PERSPECTIVE: Trends and Drivers of Success in NPD Practices: Results of the 2003 PDMA Best Practices Study


  • *All authors contributed equally. The authors wish to acknowledge the contributions of Dr. Marjorie Adams, who was the manager of PDMA's third Best Practices project.

Address correspondence to: Abbie Griffin, David Eccles School of Business, University of Utah, 1645 E. Campus Center Dr., Salt Lake City, UT 84112. Tel.: (801) 585-1772. E-mail:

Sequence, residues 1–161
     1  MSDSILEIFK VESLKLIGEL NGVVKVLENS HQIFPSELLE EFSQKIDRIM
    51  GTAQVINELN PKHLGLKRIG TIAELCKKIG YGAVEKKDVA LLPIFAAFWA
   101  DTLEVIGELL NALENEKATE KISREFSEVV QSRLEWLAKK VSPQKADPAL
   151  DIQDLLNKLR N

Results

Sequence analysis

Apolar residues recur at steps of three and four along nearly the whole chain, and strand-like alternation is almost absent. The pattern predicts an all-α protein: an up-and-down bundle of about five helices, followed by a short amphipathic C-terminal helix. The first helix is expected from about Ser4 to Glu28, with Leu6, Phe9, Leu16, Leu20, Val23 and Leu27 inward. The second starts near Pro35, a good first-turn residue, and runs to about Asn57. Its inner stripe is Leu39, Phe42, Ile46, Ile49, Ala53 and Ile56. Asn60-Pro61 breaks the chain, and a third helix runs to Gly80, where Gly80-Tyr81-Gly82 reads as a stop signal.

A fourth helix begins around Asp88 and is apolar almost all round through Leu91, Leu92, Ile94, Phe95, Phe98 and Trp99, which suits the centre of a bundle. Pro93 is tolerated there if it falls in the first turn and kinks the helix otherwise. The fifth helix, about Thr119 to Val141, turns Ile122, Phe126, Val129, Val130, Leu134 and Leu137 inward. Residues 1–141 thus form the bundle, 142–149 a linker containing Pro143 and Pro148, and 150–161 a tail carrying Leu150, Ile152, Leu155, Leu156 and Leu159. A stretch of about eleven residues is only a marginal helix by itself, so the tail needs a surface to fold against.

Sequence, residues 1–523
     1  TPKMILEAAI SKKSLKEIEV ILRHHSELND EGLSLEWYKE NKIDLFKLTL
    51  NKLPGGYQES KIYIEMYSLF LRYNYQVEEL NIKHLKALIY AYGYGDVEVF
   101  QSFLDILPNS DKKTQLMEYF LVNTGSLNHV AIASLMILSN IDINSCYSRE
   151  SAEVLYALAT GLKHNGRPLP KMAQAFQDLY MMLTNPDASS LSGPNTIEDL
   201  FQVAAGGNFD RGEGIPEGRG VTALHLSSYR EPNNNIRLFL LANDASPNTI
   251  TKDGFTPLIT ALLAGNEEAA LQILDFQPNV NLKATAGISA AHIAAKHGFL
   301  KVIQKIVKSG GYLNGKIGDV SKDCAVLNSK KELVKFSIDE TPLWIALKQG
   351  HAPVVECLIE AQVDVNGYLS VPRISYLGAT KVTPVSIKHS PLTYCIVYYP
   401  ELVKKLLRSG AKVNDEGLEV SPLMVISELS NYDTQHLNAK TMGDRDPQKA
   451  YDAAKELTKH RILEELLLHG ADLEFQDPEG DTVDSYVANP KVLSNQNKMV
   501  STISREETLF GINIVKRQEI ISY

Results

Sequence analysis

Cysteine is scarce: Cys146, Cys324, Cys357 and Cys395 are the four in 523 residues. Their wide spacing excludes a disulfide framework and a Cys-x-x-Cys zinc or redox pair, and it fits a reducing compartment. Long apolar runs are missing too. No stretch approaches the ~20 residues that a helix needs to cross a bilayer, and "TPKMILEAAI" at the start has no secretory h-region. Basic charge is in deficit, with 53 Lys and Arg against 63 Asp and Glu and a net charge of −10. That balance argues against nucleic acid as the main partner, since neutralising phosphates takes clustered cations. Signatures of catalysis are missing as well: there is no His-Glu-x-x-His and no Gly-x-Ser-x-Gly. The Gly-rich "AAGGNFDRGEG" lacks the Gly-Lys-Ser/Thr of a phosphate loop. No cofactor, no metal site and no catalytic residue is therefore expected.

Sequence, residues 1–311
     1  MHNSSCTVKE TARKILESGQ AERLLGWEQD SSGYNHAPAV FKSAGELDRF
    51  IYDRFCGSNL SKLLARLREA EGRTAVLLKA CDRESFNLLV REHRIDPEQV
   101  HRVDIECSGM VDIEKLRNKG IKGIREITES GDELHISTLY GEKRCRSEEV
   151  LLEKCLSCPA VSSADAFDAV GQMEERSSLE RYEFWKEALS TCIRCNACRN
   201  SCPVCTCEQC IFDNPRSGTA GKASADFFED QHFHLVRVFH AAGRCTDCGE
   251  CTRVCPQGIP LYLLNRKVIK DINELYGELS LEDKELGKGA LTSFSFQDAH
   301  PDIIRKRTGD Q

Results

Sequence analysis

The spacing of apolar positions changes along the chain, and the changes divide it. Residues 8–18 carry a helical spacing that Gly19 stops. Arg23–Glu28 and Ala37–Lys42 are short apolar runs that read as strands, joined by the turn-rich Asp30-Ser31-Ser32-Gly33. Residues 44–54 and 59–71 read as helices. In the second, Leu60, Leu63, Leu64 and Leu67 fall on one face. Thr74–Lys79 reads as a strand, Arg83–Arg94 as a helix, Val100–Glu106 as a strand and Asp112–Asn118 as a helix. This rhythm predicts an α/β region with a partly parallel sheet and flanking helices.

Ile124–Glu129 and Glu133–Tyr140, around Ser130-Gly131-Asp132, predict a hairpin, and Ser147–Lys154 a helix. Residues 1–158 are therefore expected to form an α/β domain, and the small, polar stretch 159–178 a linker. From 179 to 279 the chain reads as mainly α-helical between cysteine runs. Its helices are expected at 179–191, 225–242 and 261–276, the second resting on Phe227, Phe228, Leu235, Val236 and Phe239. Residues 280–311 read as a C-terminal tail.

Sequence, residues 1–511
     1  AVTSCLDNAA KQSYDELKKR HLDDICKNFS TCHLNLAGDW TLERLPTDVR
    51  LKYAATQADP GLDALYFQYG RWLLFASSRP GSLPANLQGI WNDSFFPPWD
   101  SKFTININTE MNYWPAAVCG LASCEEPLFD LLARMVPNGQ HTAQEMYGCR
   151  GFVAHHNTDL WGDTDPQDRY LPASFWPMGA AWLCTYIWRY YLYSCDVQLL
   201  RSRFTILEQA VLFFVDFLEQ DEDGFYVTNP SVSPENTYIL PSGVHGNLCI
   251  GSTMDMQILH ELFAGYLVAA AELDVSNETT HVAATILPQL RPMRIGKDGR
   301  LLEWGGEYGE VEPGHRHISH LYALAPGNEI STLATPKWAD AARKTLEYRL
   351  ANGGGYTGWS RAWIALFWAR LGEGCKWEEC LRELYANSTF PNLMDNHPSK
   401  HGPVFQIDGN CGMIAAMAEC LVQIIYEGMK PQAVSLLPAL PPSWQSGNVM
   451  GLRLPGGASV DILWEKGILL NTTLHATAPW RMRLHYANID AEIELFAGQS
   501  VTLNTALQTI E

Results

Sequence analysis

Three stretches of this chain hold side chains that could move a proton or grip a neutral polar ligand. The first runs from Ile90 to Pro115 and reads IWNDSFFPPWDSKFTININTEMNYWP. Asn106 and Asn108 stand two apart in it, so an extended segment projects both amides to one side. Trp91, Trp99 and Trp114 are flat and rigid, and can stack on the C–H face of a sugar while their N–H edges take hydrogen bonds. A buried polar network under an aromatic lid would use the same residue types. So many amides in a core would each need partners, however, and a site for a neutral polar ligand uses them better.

Since 1990, the Product Development & Management Association (PDMA) has sponsored best practice research projects to identify trends in new product development (NPD) management practices and to discern which practices are associated with higher degrees of success. The objective of this ongoing research is to assist managers in determining how to improve their own product development methods and practices. This paper presents results, recommendations, and implications for NPD practice stemming from PDMA's third best practices study, which was conducted in 2003. In the eight years since the previous best practices study was conducted, firms have become slightly more conservative in the portfolio of projects, with lower percentages of the total number of projects in the new-to-the-world and new-to-the-firm categories. Although success rates and development efficiencies have remained stable, this more conservative approach to NPD seems to have negatively impacted the sales and profits impact of the new products that have been commercialized. As formal processes for NPD are now the norm, attention is moving to managing the multiple projects across the portfolio in a more orchestrated manner. Finally, firms are implementing a wide variety of software support tools for various aspects of NPD. NPD areas still seriously in need of improved management include idea management, project leadership and training, cross-functional training and team communication support, and innovation support and leadership by management. In terms of aspects of NPD management that differentiate the “best from the rest,” the findings indicate that the best firms emphasize and integrate their innovation strategy across all the levels of the firm, better support their people and team communications, conduct extensive experimentation, and use numerous kinds of new methods and techniques to support NPD. All companies appear to continue to struggle with the recording of ideas and making them readily available to others in the organization, even the best. What remains unclear is whether there is a preferable approach for organizing the NPD endeavor, as no one organizational approach distinguished top NPD performers.